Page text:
Paprika Substitute: The Ultimate List

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Your spice rack is probably well acquainted with that beautifully bold red color spice, paprika. The commonly used spice comes from finely ground sweet pepper pods from the Capsicum annuum plant (1). Keep reading to find out what to do when you need a paprika substitute. 

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Paprika Benefits

Paprika benefits are much more than just a final garnish on deviled eggs. It can boldly impact the color and bring a unique flavor to many recipes. The vibrant red pigment is indicative of its carotenoids, which can lower you risk of chronic disease (2).

Types Of Paprika

This lovely spice is sometimes called Paprika, Paprika Powder, or by its more specific names.

Even if you are a novel cook, your spice cabinet could have several types of paprika.

  • Smoked Paprika is made from smoked peppers dried over oak wood fires and turned into a pepper powder (3).
  • Hot Paprika comes from grinding dry, hot picante peppers (4); it brings a higher heat level than regular paprika.
  • Spanish Paprika comes from smoke-dried peppers that are ground down with stone wheels during an ultra-slow process (5).

Paprika Substitute List 

We could talk more about how awesome paprika is in cooking, but what do you do if you’ve run out of paprika and your recipe calls for some? 

You can still add an original taste to distinguish your dish using paprika substitutes. Maybe you only need paprika as a final garnish, or for a touch of color and there are other options for that too. 

If you’ve simply run out of paprika or looking for a little variety, check out this list of paprika alternatives. More information on each of these is below.

  • Ancho Chili Powder
  • Chili Powder 
  • Cayenne Pepper
  • Pepper Powder
  • Aleppo Pepper Powder
  • Chipotle powder
  • Sumac
  • Saffron
  • Achiote Powder
  • Turmeric
  • Cumin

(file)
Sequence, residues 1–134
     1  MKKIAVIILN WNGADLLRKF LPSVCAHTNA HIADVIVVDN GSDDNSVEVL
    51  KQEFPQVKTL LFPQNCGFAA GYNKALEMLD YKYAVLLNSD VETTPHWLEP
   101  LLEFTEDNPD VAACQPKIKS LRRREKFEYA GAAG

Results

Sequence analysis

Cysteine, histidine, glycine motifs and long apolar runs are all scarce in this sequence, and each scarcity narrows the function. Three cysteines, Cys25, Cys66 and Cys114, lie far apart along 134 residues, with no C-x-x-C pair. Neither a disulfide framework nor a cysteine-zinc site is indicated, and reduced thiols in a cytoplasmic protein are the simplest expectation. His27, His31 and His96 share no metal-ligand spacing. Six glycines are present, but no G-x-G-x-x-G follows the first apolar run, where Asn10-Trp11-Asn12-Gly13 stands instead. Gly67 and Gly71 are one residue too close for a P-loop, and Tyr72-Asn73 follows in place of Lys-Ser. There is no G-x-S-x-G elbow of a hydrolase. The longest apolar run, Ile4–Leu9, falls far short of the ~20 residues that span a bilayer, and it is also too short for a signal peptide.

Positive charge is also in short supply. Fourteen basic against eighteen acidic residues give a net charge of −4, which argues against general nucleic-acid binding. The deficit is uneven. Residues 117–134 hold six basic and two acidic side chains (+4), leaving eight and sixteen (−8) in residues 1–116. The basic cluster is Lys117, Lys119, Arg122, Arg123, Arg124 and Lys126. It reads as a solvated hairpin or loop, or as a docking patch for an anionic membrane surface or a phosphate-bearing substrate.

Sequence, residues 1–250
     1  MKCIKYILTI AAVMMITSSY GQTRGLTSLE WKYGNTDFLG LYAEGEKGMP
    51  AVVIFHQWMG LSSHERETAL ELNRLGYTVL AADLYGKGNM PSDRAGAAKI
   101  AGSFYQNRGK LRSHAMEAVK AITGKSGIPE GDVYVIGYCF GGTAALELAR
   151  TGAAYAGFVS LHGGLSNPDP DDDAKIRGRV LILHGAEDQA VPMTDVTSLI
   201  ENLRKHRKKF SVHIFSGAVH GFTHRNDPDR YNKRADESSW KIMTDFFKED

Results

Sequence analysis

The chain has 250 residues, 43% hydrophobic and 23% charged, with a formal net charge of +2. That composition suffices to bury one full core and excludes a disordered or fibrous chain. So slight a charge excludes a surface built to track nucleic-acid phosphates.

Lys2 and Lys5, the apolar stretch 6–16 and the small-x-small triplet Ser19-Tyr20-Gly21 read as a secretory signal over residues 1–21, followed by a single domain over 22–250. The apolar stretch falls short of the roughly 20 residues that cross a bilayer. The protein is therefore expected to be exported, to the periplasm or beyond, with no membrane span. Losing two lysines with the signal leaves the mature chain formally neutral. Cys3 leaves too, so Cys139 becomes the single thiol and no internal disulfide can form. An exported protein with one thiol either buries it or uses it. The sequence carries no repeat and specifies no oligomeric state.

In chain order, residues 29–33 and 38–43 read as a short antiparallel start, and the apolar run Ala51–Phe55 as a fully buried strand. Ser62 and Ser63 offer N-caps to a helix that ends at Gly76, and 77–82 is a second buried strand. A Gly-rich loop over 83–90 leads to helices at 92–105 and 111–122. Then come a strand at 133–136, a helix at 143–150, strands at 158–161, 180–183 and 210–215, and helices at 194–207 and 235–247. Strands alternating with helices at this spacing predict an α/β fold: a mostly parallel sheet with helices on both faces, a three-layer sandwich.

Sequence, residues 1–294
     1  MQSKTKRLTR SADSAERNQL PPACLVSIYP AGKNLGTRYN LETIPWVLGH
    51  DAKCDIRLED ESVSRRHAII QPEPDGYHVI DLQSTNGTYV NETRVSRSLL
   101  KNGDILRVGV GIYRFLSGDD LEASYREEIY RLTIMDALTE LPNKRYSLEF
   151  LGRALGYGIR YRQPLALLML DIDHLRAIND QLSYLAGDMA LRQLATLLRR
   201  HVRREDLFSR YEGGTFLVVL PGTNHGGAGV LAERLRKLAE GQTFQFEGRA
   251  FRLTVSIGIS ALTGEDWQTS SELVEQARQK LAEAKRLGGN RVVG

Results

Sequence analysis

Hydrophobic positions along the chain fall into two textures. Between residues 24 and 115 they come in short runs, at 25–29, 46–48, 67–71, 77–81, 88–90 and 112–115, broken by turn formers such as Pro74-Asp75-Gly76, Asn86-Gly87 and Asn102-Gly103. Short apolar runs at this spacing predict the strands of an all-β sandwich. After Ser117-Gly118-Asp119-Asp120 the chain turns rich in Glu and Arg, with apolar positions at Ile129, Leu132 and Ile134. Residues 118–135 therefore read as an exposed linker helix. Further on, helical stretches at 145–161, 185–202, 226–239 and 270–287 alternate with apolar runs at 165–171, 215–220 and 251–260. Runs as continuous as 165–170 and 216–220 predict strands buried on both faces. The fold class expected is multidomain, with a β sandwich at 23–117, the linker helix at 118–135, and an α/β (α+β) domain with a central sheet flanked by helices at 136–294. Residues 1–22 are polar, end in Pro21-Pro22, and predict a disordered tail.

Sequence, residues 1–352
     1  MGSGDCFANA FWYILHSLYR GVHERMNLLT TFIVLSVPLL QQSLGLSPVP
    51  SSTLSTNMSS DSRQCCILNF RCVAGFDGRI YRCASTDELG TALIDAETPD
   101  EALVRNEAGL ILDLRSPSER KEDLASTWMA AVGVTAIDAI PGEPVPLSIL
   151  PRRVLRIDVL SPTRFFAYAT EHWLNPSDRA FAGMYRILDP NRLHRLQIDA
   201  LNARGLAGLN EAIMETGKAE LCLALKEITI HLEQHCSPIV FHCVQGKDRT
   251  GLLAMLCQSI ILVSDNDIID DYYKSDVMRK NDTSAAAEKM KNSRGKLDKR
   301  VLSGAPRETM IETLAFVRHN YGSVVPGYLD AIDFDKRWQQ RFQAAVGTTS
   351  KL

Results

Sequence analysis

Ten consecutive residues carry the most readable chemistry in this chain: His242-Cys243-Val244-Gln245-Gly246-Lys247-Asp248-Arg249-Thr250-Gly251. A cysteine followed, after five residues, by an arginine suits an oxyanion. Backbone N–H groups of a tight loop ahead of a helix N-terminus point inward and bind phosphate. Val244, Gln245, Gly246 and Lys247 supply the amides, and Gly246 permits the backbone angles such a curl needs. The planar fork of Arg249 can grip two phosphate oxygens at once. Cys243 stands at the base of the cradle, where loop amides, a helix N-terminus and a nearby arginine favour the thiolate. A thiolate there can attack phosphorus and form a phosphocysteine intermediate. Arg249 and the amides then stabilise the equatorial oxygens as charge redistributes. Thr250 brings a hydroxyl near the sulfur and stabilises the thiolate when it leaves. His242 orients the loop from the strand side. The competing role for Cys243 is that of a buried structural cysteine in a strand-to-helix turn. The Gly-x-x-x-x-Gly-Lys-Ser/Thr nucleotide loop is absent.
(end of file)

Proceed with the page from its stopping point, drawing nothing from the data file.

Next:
• Red Curry Powder
  • Coriander
  • Black pepper
  • White pepper powder
  • Pink Peppercorn
  • Crushed Red Pepper

Ancho Chili Powder

When ripe poblano peppers are dried, they become known as ancho chilies.

Ancho chilies are sweet chilies with a mid-level heat, earthy notes, and smoky flavor (6).

Its smoky flavor qualifies it to be a smoked paprika substitute.

It contains capsaicin, which may benefit weight loss through appetite suppression (6).

Chili Powder

This red powder can be easily mistaken for paprika if you ignore the label.

Chili powder is made from ancho chili peppers but usually includes other spices like paprika, cumin, or even garlic (7). The combination of spices gives more flavor complexity compared to paprika.

This powder will bring more heat than regular paprika because of the ancho chili peppers (7).

Cayenne Pepper 

Cayenne pepper is similar to paprika in color but is a bit more orange compared to paprika’s dark red color. That doesn’t change the fact that it can work as a garnish and can be used for color in a recipe like paprika.

It is made from ground dried cayenne chilies that pack a moderate level of heat–bringing a fiery taste to your dish (8). Cayenne powder is definitely hotter than paprika, so we recommend using a smaller amount of cayenne powder than the usual amount of paprika.

 It is said to have benefits in treating pain and weight loss (8).

Pepper Powder

Pepper powder is also known as bell pepper powder — it wouldn’t take long to guess its source. Green, red, yellow, and orange bell peppers are dried and ground into this powder with zero heat level (9).

It’s very similar to paprika and is described as sweet and fruity (9).

This spice is Vitamin C rich and is a great paprika substitute.